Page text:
Episode 4: It’s 3AM, and Sally calls Patrick over to take care of a spider – but it’s just a dream. Later, he interrupts her in bed with a bloke well below her grade; there are tons of questions about his attraction to her and vice versa. We discover, in a piece of revisionism, that they’d met years ago at Susan’s office party – which we see it from both of their perspectives. Ultimately, they decide that it’s not meant to be and awkwardly decide to hang out less in the future to make it easier on themselves. It’s not an especially funny episode, but the dynamic is realistic enough. 7.5
Episode 5: Jeff and Julia are still passionate. Steve and Susan no longer feel any passion. Jane is dating a born again virgin. Sally and Patrick are defending their non-friendship. Then, in a panic, Jeff runs into the bar wearing a bondage headgear: Julia is tied to her bed and he can’t untie her. It’s hilarious, though utterly ridiculous, but it devolves when her parents show up and she gets him to answer the door anyway. Then it totally spirals downward from there. Too bad, because there are good laughs along the way. For some strange reason, they changed the opening and closing credits format mid-season. Weird. 6.75
Episode 6: Steve comes home to find that Susan’s redecorated the bathroom and removed the lock on the door. Then everyone discovers that Patrick has a girlfriend; naturally, Sally’s anxious about it. They’re all invited to Susan’s for dinner, but Patrick, to defuse the situation with Sally, told Jennifer, his new girlfriend, that Sally’s a lesbian. Well, it so happens that Jennifer is bi – obviously, there’ll be confusion and embarrassment. Then, later, at dinner, Steve gets into a huge spiel about the difference between men and women with regards to the use and decorating of the bathroom. You can see what they were going for here, but it doesn’t quite work. 7.0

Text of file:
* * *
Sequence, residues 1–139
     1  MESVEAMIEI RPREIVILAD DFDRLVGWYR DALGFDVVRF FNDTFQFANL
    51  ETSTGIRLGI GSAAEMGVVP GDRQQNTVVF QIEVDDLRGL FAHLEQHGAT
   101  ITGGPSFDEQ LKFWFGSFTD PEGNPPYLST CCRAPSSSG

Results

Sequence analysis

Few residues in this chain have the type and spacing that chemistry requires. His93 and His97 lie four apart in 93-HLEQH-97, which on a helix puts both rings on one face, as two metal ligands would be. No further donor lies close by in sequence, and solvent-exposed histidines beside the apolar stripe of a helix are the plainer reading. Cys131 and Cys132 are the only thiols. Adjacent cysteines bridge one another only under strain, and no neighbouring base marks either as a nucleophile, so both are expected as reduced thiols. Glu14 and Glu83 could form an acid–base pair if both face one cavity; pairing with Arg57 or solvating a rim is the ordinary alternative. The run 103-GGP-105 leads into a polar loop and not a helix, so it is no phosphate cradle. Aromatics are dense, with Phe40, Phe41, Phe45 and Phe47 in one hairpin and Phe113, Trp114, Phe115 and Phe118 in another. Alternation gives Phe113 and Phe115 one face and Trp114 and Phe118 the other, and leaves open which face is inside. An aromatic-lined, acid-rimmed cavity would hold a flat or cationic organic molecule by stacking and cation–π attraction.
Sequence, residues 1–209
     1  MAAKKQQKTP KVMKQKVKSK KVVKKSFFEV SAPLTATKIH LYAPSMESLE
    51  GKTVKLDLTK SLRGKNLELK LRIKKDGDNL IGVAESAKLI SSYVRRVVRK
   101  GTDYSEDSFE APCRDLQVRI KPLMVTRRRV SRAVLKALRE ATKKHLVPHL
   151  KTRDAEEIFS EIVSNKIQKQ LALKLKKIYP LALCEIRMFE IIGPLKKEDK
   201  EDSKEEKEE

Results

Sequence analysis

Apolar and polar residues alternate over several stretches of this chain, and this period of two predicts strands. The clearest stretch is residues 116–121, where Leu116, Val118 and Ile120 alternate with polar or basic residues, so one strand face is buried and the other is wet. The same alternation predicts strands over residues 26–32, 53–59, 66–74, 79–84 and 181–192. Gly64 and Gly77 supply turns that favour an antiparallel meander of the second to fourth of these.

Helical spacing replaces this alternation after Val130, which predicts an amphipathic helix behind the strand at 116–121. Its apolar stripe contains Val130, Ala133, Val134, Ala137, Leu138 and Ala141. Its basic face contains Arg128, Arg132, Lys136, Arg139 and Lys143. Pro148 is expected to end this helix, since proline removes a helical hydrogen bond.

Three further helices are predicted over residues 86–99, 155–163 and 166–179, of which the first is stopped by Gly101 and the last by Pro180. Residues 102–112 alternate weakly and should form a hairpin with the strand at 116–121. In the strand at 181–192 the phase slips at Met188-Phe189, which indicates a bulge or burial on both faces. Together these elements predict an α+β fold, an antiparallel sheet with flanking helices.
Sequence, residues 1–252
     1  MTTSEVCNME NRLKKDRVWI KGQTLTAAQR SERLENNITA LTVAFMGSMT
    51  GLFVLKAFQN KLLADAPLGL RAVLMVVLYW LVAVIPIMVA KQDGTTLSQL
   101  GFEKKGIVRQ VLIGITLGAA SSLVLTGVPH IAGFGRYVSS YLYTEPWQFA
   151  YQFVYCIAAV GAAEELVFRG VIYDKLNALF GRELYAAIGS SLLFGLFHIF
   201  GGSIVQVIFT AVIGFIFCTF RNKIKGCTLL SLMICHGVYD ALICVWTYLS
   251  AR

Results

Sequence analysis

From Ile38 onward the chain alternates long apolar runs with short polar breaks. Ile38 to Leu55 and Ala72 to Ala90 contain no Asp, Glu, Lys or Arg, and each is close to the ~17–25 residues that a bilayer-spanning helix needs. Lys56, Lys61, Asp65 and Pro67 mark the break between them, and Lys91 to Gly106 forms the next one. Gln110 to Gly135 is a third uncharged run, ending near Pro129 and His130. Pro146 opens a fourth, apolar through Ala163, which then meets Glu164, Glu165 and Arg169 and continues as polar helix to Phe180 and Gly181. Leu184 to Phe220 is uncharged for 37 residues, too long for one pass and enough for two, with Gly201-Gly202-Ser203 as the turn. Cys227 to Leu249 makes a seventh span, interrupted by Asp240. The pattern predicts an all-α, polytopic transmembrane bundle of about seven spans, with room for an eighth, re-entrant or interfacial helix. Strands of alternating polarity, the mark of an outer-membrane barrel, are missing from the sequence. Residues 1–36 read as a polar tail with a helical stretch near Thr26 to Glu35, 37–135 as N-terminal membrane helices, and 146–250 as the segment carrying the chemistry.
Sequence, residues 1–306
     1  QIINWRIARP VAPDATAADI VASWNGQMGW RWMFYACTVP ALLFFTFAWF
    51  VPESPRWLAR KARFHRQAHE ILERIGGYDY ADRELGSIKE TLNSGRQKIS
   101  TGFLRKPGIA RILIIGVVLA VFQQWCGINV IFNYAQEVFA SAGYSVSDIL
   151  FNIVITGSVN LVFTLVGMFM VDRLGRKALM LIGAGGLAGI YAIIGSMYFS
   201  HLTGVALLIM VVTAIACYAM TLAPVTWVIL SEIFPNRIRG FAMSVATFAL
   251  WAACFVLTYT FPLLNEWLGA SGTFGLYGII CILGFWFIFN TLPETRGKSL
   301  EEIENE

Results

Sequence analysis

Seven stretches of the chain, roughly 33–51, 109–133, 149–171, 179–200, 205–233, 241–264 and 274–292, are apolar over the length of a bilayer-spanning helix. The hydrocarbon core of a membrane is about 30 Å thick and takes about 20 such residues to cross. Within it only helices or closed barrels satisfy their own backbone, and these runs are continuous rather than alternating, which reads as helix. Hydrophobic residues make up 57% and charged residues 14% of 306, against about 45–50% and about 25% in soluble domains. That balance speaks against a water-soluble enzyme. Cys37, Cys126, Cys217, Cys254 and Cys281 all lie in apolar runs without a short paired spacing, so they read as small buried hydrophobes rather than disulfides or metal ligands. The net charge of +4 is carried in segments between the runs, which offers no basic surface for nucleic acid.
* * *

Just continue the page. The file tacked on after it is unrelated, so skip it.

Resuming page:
Episode 7: Sally comes in asking the others if they’ll take a pregnancy test with her so that she be can 100% sure what a negative result is – they would be her control group (um… I thought these tests were designed to be self-explanatory). Anyway, the episode started poorly. And, naturally, Sally mixes the tests and one of them is blue. Then Susan tells them about her and Steve trying to have a baby; they even got potency tests done for Steve and we discover that Susan’s sterile. Or is she? This one is a cliffhanger episode. Meanwhile, Sally and Patrick hook up. Again, you can see what the intention was. But it doesn’t come together quite right. 7.0
Interestingly, though Series 3 is the most inconsistent (not the worst, just most inconsistent) of the lot, it was nominated for and won the award for “Best TV Comedy” at the British Comedy Awards. It’s hard to know if it was due to the show’s growing popularity, or if the competition was weak that year, but it seems undeserved.
Though ‘Couplings’ hinged far more on Jeff than in earlier years, Richard Coyle would not return to ‘Coupling’ for Series 4 – something about not wanting to be pigeonholed by such a colourful and popular character. But, given how stupidly the character was written at times, it was probably time to say goodbye.
Jeff was great as a side-character, but not as a co-star.
Dates of viewings: August 23-27, 2016